While the entire program was a success, there were still some situations when an extra kick was needed. The thing about the Vietnam War was that there weren't all that many tanks around. While the wars of the same era fought in the Middle East featured tank and IFV numbers unseen since the Second World War, the jungles of Vietnam were not suitable for mass tank deployment.

However, there were times when tank firepower would have come in handy, which is why some ACAV vehicles were fitted with a 106mm M40 Recoilless Rifle.

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M113 ACAV firing the M40, Cambodia, 1974

The M40, much like other weapons of its class, was developed in the early 1950s based on the Second World War experience to give infantry units a means to defeat enemy armor and fortifications while keeping the weight of the weapon to a minimum. Recoilless rifles are much lighter, mobile and easier to use than classic anti-tank guns or light field guns, but they do have their drawbacks – their range is limited, the muzzle velocity is low and they are unable to fire armor-piercing ammunition, relying instead on HEAT shells to defeat enemy armor. A massive blast and subsequent dust cloud (in dry environments) also reliably indicates their position to the enemy with its first shot, forcing crews to relocate to avoid counter-fire.

The M40 was first used in the Korean War, where it was able to successfully defeat the armor of North Korean T-34 tanks. Much like the M113, it remained in service for many decades and found its way to dozens of militaries all around the world, some of which still use it to this day – in recent years for example, its Iranian copy (which is still being manufactured) appeared in Syria and Libya on all sides of the conflict.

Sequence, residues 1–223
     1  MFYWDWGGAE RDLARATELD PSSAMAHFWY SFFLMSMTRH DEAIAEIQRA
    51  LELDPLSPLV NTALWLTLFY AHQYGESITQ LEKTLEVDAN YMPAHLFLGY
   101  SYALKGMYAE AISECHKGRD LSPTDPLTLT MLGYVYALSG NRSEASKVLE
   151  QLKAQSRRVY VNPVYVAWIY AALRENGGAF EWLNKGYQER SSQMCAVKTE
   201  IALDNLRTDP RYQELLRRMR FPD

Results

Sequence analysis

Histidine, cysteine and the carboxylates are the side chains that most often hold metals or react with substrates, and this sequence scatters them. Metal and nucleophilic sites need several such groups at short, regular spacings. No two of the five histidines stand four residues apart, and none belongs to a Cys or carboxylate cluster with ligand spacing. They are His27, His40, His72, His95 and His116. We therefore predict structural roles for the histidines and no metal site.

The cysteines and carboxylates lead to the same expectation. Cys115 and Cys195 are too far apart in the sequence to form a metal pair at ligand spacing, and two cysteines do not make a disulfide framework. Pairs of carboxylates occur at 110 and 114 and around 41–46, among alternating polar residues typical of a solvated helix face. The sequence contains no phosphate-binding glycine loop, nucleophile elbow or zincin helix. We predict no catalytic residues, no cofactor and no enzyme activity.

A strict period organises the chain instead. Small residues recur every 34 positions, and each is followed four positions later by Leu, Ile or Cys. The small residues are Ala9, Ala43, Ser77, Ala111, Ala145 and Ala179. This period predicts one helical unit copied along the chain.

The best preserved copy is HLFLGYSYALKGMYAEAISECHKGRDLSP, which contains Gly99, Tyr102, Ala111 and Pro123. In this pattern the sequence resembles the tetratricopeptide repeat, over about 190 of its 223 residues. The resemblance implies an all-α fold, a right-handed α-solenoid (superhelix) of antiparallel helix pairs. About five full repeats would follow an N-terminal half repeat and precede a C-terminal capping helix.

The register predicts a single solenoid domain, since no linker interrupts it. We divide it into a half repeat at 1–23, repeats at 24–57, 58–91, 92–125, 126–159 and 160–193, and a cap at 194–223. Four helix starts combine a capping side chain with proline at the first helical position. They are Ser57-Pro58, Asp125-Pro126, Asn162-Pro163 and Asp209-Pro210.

The M40 is capable of firing primarily HEAT and HE ammunition, although specialized rounds (such as a flechette shell) exist as well. The muzzle velocity is around 500 m/s and the maximum effective range for the HEAT shells is approximately 1.3 to 2km. It's worth noting that the original Vietnam-era HEAT shells were less effective than their modern counterparts – while some shells can penetrate up to 700mm of armor, the Vietnam-era round only penetrated approximately 400mm.

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M113 ACAV in Vietnam

On the ACAV, the M40 was mounted on the rear side of the vehicle. The crewman assigned to it had to expose himself to operate it, but the weapon was still very useful in areas where tanks could not be deployed. Its main task was not to knock out enemy tanks – North Vietnamese tanks weren't as common – but to get rid of various fortifications and barricades. In this, the M40 excelled.

There were several mount variants of the M40 ACAV, but most disappeared with the end of the Vietnam War. Some were given to the Cambodian Khmer forces. Hundreds of M113s ended up in North Vietnamese hands, many of which were of the ACAV variant. Exactly how many vehicles were equipped with recoilless rifles is unknown, perhaps several dozen.

In Armored Warfare, the original Tier 1 M113 will be replaced with the M48, but the chassis will continue to be available, albeit in this different form. More information will be revealed soon!